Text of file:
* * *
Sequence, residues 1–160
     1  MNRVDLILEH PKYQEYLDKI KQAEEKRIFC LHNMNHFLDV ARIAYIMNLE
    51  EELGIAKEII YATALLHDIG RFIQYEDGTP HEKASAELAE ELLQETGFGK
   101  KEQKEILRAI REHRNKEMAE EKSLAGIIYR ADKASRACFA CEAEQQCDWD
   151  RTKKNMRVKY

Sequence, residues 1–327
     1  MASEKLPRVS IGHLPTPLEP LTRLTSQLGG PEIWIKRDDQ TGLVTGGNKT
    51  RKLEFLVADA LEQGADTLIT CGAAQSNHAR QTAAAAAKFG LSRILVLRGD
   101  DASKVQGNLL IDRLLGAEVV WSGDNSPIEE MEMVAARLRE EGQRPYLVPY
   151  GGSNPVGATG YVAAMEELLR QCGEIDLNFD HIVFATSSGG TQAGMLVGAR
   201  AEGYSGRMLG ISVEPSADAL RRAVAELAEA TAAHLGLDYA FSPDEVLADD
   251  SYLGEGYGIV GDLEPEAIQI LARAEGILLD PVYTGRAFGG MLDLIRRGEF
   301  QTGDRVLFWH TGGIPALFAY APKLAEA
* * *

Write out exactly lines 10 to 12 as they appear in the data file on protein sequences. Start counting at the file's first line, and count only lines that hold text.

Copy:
   151  GGSNPVGATG YVAAMEELLR QCGEIDLNFD HIVFATSSGG TQAGMLVGAR
   201  AEGYSGRMLG ISVEPSADAL RRAVAELAEA TAAHLGLDYA FSPDEVLADD
   251  SYLGEGYGIV GDLEPEAIQI LARAEGILLD PVYTGRAFGG MLDLIRRGEF